LORUS TO CENTRALIZE WATCH DISTRIBUTION
Seiko has reorganized distribution of its Lorus brand quartz watches, turning over nearly all key mass merchandise accounts from four distributors to one. Starting Jan. 1, 1996, the King Co., Austin, Tex., will head distribution of Lorus; three other distributors in New York, Seattle and Kansas City will be used only as needed at a local level, says Tony Cannilla, Lorus manager of advertising.
“King Co. will handle the large national customers such as Wal-Mart, Target and Kmart,” says Cannilla. Only King will continue to receive its watches directly from Japan. In turn, however, other distributors may buy from King as needed. “This will make distribution more efficient and provide the best possible customer service.”
The new alignment will avoid duplication of efforts, he observes, where in some cases large retail customers were serviced by more than one of the four distributors.
Lorus has been the primary product imported and distributed by King. Seiko Corp. of America, Mahwah, N.J., handles Seiko, Lassale, Lorus Clocks and Pulsar, but is not involved in distributing Lorus.
Cannilla says the current distribution network will be in place until the end of 1995, adding that the Lorus Clock sales division will not be affected.
LANDSTROM’S BUYS F.L. THORPE
Landstrom’s Original Black Hills Gold Creations, Rapid City, S.D., has agreed to purchase F. L. Thorpe, Deadwood, S.D. Thorpe, the oldest manufacturer of Black Hills gold, was founded in 1878. As a new division of Landstrom’s, F.L. Thorpe will continue to be sold under its trademarked name; both lines will be offered to current customers.
All operations of F.L. Thorpe, including production, customer service, marketing and advertising, eventually will be moved into Landstrom’s Rapid City facility.
IWI TO BUY DACO GROUP
IWI Holdings Ltd., Westmont, Ill., has agreed to purchase the Toronto-based Daco Group, maker and distributor of jewelry, perfume, watch es and collectibles primarily to Wal-Mart and Kmart in Canada. Daco will operate as a wholly owned subsidiary of IWI.
IWI Holdings’ President Richard Cieslak said the purchase gives IWI entry into the Canadian market, as well as “$16 million a year in combined sales and brings immediate benefits.”
The purchase of Daco is part of IWI’s acquisition plans for which it has earmarked $10 million, Cieslak said. Earlier this year, IWI purchased the Chattanooga, Tenn.-based Ullenberg Corporation. IWI and its subisidary, Imperial World, design and market moderately priced fashion jewelry and distribute to jewelers, mass merchandisers, department stores, military post exchanges, catalog showrooms and catalogs.
Artwatch International moved its headquarters from Larchmont, N.Y., to Dallas, Tex. The new address is Artwatch International, 2639 Walnut Hill W., Suite 205, Dallas, Tex. 75229; (800) 767-3254 or (214) 350-3331, fax (214) 350-3502.
ANGLO’S EARNINGS RISE 20% IN 1995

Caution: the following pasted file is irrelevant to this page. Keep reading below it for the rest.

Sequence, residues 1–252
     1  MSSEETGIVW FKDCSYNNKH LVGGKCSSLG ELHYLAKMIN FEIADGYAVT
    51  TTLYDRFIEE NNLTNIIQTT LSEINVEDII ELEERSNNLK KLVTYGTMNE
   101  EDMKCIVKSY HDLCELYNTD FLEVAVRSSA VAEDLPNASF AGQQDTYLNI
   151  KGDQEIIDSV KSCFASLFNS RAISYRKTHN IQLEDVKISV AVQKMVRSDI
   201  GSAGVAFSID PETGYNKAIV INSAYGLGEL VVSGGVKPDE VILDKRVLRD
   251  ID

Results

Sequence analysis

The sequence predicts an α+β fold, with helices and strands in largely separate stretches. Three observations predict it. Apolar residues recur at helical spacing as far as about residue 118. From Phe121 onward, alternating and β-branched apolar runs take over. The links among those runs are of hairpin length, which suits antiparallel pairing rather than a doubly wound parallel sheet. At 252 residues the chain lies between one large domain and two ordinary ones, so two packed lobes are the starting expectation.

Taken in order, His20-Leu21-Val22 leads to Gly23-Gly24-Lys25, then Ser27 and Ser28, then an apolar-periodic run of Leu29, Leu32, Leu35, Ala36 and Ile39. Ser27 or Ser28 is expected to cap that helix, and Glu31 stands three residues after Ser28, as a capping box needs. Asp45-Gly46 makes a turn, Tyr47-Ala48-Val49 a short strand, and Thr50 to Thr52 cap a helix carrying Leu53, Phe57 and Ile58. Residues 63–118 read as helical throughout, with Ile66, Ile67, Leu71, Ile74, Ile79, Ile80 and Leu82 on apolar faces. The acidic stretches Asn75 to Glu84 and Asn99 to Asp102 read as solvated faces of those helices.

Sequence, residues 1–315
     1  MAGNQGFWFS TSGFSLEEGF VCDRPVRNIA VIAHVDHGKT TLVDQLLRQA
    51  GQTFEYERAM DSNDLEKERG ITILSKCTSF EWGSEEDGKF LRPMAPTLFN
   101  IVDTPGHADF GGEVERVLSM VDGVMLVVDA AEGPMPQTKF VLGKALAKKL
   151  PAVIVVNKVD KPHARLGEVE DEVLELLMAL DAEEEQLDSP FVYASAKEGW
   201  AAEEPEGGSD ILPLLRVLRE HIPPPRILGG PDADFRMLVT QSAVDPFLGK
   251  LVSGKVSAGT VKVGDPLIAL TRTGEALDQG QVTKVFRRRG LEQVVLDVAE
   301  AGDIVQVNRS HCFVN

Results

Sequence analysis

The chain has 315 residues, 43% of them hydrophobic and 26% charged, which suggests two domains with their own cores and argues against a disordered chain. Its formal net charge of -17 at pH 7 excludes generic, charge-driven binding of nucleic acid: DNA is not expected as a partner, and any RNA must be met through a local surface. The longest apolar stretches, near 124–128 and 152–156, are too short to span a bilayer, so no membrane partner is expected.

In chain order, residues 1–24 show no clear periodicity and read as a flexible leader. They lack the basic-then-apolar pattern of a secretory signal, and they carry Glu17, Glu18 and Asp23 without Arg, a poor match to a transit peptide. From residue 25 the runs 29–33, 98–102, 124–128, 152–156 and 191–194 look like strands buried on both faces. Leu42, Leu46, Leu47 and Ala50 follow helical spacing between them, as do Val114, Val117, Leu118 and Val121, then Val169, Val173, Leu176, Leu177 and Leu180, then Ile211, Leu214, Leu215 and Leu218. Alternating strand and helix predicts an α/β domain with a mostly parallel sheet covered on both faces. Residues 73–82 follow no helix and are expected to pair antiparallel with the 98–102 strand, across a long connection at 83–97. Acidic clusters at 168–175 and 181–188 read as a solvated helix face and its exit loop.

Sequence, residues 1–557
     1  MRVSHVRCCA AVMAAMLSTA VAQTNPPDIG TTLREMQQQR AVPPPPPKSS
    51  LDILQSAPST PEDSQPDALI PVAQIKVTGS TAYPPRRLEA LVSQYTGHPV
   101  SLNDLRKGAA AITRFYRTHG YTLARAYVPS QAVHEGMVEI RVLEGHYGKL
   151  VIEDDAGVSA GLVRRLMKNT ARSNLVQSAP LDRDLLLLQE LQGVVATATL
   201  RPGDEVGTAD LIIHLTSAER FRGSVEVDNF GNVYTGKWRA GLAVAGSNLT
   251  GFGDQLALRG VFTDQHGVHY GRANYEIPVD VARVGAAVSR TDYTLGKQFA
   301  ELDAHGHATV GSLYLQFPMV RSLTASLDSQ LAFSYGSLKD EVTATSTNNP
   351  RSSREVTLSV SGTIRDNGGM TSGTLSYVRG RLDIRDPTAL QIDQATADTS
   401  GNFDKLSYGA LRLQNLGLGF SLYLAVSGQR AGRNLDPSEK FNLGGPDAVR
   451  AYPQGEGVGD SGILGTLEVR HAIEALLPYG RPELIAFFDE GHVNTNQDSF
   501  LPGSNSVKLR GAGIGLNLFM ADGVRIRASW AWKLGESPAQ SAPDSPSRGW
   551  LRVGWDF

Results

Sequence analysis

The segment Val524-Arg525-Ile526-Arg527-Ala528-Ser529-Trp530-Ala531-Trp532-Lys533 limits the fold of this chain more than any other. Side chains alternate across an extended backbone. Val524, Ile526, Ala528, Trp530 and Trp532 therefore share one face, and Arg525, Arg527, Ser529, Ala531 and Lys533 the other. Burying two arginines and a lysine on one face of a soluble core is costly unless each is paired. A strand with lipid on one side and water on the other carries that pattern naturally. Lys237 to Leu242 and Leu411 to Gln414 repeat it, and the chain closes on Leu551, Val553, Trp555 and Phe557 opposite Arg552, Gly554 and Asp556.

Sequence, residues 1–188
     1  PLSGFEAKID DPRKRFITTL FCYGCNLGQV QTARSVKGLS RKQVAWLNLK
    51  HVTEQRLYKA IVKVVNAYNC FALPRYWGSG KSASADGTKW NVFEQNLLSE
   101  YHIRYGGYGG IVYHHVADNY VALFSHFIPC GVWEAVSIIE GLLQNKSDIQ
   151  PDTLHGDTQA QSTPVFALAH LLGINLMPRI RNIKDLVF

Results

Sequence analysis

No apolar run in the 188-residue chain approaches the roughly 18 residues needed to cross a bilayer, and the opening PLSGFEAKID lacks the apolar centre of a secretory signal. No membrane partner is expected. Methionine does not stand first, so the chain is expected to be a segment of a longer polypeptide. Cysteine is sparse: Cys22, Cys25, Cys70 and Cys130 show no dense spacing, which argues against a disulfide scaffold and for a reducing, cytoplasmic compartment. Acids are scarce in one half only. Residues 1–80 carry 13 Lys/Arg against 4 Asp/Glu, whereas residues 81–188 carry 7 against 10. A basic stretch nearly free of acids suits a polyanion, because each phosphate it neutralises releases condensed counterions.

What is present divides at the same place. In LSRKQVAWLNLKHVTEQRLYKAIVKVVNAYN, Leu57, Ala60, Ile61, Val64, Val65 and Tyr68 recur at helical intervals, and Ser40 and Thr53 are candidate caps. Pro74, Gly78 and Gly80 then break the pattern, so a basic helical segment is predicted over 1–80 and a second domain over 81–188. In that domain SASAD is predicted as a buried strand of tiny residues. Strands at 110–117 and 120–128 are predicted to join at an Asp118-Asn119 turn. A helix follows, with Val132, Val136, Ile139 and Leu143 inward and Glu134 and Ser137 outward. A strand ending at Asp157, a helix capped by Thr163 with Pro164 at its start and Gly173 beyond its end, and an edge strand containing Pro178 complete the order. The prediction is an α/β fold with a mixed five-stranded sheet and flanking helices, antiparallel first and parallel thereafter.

Earnings rose 20% to US$917 million in fiscal 1995 for Anglo American Corp., the world’s largest gold mining house.
Industrial, commercial, base met al and coal divisions showed strong gains. Finance and mining divisions reported more modest gains. Gold mining, once the mainstay of An glo’s profits, was lackluster because of static gold prices and rising mining costs.
The profit squeeze has continued into this year, says Clem Sunter, head of the company’s gold and platinum mining division. Three factors contribute to the squeeze: mining costs are rising 10%-15% yearly, no new gold mining projects are planned to take up the slack from aging operations and Anglo has done all the cost-cutting it can do, say executives.
Despite the problems with its gold holdings, Anglo is still rated as the world’s largest mining house, according to a report in the Financial Times of London. According to the Who’s Who of Mining by the Raw Materials Institute of Sweden, Anglo held an 8.6% share by value of all non-fuel materials mined in 1994. Its nearest rival was RTZ with a 5.36% share of market.
Anglo’s high percentage of precious materials – gold, diamonds and platinum -is the chief reason for its world leadership, says the report.
Anglo is the largest gold producer in the world and, through De Beers, its related company, also is the world’s leader in diamond production. The report combines Anglo and De Beers Consolidated Mines.
Takashi Wakuyama, president of Seiko Corp. of America, presented a check for $30,000 to high school students from Cass Technical High School in Detroit who won the Seiko Youth Challenge environmental science competition. The prize comprises $25,000 in college scholarships and a $5,000 grant to the school. The students won for developing a program that teaches students how to detect and avoid lead poisoning in drinking water. From left are Joe Whall, manager of corporate communications for Seiko; students Janelle Jenkins, Adrienne Lewis, David Sheikhnejad and Bryce Anderson-Small; and faculty adviser Randall Raymond. Now in its fifth year, the competition drew 325 entries nationwide.
Jerry Dikowitz, president of E. Gluck, Long Island City, N.Y., received the first-ever Bugsy Award from Dan Romanelli, president of Warner Bros.’ consumer products division. The award honors outstanding performance by a Warner Bros. licensee. E. Gluck was cited for outstanding point-of-purchase displays and materials and its trade and co-op advertising.